Microfinance institutions (MFIs) provide very small loans and deposit services to clients that are predominantly poor and excluded from the formal banking sector. The Microfinance sector has grown dramatically over the last ten years, currently serving over 100 million households globally, compared to 10 million households in 1997. This level of outreach has been possible thanks to a remarkable mobilization of funds – nearly $20 billion dollars- towards microfinance start-ups, by governments, development agencies, non governmental organizations and charitable foundations. In the long run, however, donors and governments are likely to reduce funding, which raises the question of whether or not subsidy-free programs and financial sustainability would be desirable. In fact, in recent years, microfinance institutions have experienced easier access to capital markets thanks to an increasing institutionalization of the sector, with a tendency towards more transparency, availability of quality data, public reporting, standardization of financial ratios, ratings, and meeting of regulatory requirements. As a result, a major development has been the rise of microfinance investment funds (MFIFs), which are pools of suppliers of funds who collectively invest in a diversified range of MFIs. These new financial intermediaries have been instrumental in attracting a wider scope of providers of financial resources for MFIs, including private and institutional investors. However, the requirements of these new providers of funds are likely to encourage MFIs to evolve into true commercial entities. Therefore, a main concern is whether or not financial sustainability and the recent changes in the financing structure of microfinance institutions come at the expense of undermining their social objectives. The present research project speaks to this question. We propose an empirical investigation of the causal impact that a broader access of microfinance institutions to different sources of capital has on the lending properties of these institutions. Currently we are working on data collection and analysis to address the questions we raise in this project.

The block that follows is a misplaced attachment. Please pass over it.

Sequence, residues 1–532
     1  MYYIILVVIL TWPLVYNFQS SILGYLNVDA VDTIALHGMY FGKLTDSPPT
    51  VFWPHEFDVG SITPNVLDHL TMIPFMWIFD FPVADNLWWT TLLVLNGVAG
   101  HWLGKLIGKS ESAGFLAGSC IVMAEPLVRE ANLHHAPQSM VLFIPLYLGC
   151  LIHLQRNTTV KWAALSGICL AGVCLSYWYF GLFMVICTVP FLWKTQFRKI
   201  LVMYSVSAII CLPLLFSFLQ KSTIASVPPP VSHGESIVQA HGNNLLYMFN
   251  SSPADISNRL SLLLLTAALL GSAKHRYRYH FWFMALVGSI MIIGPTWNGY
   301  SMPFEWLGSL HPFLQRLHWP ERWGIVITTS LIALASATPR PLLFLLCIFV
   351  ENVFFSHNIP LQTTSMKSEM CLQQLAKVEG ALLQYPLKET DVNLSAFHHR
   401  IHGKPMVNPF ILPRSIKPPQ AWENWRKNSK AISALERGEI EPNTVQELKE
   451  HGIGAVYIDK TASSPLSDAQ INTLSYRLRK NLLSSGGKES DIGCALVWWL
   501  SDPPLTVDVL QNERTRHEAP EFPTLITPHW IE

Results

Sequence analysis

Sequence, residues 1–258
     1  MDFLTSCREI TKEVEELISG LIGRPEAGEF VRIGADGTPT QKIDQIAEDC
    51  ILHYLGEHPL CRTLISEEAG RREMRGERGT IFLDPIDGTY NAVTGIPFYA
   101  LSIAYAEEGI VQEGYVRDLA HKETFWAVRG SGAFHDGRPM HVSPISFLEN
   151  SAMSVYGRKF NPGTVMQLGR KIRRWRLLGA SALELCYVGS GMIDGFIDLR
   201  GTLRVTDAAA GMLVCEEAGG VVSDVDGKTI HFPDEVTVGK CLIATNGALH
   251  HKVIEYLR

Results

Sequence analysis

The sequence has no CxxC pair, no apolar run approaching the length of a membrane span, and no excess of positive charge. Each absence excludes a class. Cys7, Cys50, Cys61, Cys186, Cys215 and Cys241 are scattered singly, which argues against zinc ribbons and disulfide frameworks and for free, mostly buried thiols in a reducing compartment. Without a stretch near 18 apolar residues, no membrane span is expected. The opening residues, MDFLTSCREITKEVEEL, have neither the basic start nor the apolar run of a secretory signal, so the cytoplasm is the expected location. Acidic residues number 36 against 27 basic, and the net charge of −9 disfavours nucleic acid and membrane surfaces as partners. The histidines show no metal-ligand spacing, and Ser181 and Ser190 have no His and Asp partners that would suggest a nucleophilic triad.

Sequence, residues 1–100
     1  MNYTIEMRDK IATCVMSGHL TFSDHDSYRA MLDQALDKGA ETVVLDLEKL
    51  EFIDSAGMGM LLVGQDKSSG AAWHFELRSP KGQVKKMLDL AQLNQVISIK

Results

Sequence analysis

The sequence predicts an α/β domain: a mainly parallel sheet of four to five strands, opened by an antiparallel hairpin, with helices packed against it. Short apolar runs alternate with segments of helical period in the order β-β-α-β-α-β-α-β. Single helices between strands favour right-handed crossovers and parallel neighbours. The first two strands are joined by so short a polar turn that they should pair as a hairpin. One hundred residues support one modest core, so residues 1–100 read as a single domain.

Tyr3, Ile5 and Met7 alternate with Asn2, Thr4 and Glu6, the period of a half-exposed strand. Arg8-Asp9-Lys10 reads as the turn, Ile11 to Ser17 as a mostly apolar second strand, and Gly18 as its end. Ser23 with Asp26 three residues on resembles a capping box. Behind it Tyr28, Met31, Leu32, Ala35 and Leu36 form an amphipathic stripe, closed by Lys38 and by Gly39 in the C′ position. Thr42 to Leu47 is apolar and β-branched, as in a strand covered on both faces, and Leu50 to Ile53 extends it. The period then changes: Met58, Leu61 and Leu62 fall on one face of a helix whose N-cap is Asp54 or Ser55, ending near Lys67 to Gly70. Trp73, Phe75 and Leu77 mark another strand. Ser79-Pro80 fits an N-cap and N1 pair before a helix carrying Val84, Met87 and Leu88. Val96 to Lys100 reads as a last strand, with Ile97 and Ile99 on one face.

Baquero, G., G. Aquero, M. Hamadi, and A. Heinen (2011).
Competition, Loan Rates and Information Dispersion in Microcredit Markets.
LSF Research Working Paper Series, No. 11-17.